On arrival in Kunming, we had three very important missions: replace three of our tyres, arrange Vietnamese tourist visas and watch the Rugby World Cup final. A quick visit to Xiong Brothers bike shop near Yunnan University solved the tyre problem on Saturday. On Sunday the All Blacks scraped together a victory against France while we watched from bar stools amongst a crowd of New Zealanders, who all appeared to speak fluent Mandarin. Finally we handed in our visa applications to the Vietnamese Consulate early on Monday morning, arranging to pick them up two days later. With nothing much sparking our interest in terms of tourist sites, we spent a few days doing not much at all in the garden of Camilla Hostel.
When we first arrived in town we had bumped into a familiar face – a cyclist from Switzerland travelling on an old single speed Swiss Army bicycle. We had last seen Remo at the top of a pass in Mongolia, and had barely exchanged pleasantries before a fast approaching storm had given us reason to head quickly in opposite directions. In Kunming, we met up with him a few times for dinner, swapping inner tubes and advice.
Our trip to the border followed a 450km route described on GoKunming which looked like it would lead us straight out of the city. Following a basic city map, we took a wrong turn and ended up cycling through an enormous empty suburban area. The apartment towers were still under-construction or so new that there weren’t even any restaurants to feed the multitudes of construction workers. It was eerie, made more so with the light traffic and lack of road signs anywhere. Eventually we popped out on the small road we should have followed, having no idea how we had gone wrong, what we had cycled through or how we had found our way out again.
The route followed intensely farmed land for the first few days. We cycled till early evening, stopping at the first reasonably sized town for lodging and food. One day we passed mosques and headscarf-clad woman, again impressed at the multitude of cultures squished into China. Water was everywhere, and we cycled alongside lakes, rivers and man-made irrigation systems. Hills too were a feature of most days, the biggest being a 35km climb to 1970m followed by a blissful 40km downhill which took us to just 200m above sea level.
As we descended it got rapidly warmer. Judging by the giant bamboo, banana trees and large number of unidentifiable green leaved plants we’d hit the tropics. We stopped frequently to point out weird plants and spiders, tracing lines of rice terraces far into the hills around us. That afternoon in the low-lying town of Yuanyang we sat out a fierce tropical thunderstorm and decided that we wouldn’t cycle another 30km up into the hills behind the town to have a look at the tourist attraction of the region – more rice fields.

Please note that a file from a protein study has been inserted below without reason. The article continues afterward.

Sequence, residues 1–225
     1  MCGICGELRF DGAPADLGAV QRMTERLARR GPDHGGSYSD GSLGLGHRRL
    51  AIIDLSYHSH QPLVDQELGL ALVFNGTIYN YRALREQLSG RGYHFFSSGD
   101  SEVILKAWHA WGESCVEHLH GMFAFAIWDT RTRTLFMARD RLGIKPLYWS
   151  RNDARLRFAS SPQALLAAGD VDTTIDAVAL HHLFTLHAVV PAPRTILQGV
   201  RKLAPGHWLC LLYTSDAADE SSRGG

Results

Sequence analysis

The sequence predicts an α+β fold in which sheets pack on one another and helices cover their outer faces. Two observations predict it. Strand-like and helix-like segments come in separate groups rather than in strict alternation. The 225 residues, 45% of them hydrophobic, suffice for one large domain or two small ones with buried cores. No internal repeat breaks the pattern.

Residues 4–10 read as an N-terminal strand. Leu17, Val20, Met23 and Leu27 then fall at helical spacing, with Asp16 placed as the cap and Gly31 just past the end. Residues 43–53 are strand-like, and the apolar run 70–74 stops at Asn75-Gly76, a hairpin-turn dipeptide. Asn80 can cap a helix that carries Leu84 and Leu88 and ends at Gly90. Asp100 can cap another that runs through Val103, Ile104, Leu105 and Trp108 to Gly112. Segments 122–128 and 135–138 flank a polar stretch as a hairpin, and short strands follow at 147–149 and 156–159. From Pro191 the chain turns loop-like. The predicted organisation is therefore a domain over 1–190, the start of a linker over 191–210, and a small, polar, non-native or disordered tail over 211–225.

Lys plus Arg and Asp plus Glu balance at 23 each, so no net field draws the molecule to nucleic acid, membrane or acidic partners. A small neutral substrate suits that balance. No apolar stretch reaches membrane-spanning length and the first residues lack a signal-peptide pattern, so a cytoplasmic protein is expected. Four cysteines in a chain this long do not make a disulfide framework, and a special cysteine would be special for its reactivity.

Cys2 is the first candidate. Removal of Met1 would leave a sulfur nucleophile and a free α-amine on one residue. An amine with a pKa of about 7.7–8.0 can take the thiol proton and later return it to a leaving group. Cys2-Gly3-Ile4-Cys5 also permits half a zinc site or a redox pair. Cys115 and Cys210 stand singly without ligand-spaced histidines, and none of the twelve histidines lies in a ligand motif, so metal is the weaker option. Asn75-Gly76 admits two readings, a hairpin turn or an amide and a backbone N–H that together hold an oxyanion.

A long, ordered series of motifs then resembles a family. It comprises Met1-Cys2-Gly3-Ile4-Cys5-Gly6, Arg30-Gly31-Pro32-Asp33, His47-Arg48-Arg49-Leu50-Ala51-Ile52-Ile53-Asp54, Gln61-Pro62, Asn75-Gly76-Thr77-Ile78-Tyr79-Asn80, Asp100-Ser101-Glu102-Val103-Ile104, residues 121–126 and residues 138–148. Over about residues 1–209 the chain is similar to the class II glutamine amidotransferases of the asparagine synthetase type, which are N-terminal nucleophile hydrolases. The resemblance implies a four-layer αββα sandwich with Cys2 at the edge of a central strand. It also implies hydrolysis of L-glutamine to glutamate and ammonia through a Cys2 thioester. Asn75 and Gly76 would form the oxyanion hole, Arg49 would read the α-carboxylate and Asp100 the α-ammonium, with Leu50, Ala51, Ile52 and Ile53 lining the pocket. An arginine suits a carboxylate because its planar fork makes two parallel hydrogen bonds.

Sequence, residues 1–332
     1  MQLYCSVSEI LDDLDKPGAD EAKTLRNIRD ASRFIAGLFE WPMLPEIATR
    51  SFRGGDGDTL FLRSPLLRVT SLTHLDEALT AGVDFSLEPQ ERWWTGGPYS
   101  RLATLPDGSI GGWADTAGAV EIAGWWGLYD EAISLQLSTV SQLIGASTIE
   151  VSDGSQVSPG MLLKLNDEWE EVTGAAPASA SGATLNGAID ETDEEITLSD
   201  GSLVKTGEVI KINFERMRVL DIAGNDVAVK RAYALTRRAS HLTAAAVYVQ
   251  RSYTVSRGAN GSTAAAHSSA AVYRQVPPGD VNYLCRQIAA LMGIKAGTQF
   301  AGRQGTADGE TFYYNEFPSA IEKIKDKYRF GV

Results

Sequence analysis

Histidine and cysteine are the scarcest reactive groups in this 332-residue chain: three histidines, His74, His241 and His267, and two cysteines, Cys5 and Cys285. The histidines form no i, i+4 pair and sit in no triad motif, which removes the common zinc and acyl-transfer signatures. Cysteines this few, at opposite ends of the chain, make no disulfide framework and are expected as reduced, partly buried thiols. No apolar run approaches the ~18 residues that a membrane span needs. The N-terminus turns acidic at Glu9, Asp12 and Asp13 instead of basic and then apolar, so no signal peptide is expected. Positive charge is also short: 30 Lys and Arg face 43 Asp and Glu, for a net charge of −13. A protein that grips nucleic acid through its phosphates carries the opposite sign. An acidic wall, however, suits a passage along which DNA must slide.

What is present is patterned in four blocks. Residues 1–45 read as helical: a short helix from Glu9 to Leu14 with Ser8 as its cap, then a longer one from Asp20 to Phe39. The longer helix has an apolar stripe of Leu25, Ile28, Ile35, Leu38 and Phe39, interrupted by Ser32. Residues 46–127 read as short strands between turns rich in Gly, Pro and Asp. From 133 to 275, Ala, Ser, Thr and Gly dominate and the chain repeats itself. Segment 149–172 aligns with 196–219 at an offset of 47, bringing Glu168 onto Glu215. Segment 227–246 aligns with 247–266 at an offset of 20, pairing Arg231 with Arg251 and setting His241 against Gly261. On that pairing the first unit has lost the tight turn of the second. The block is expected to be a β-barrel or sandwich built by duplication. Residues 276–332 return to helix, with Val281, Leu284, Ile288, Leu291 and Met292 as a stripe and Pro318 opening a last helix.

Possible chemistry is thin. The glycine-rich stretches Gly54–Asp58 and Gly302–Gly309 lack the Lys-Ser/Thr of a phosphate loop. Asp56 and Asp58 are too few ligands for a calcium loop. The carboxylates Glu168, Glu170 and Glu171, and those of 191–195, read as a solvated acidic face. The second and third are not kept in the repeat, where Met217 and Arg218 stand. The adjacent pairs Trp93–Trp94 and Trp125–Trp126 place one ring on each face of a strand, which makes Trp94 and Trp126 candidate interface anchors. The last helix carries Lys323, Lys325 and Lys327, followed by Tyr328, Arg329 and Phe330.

The road to the border town of Hekou was undulating, with the road sandwiched between the river and a motorway carrying the bulk of traffic. Our road was incredibly quiet, though it seemed it was market day in every town we went through with village roads invariably clogged up. We saw trains of pack horses returning from markets with empty baskets, usually four or five led by one driver. Bananas were being harvested everywhere as well, with many left on the tree with bright blue bags covering them and others being boxed up into traditional ‘banana boxes’.
Splitting the last 160km into a two day ride, we rolled into Hekou in the early afternoon, cycling first to the border crossing at the far end of town to have a glimpse of Vietnam before heading to a hotel. The footbridge we would cross was used solely by people with bicycles and handcarts, though most had loads which would be better suited to carriage by lorries. We were a little puzzled as to what goods were being traded between the countries.
Despite the usual grim reputations of border towns we found Hekou agreeable enough, spending an afternoon wandering along the waterfront and watching people sitting in the shady parks with views across the water to Vietnam. Seated at a riverside cafe with cold drinks in hand, we noticed a huge change in temperament. People didn’t seem rushed and weren’t particularly hard at work – plenty were just relaxing in the warm afternoon sun. Outside tourist-centric towns, this was the first place we’d really seen Chinese people chilling out.